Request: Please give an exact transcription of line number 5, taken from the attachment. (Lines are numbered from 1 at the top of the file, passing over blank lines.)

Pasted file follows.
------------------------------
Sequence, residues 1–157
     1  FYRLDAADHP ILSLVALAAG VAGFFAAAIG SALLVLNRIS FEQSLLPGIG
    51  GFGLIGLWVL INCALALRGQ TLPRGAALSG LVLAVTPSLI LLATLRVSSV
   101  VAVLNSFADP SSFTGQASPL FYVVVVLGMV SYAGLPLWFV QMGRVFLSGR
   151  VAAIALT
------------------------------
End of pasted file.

   151  VAAIALT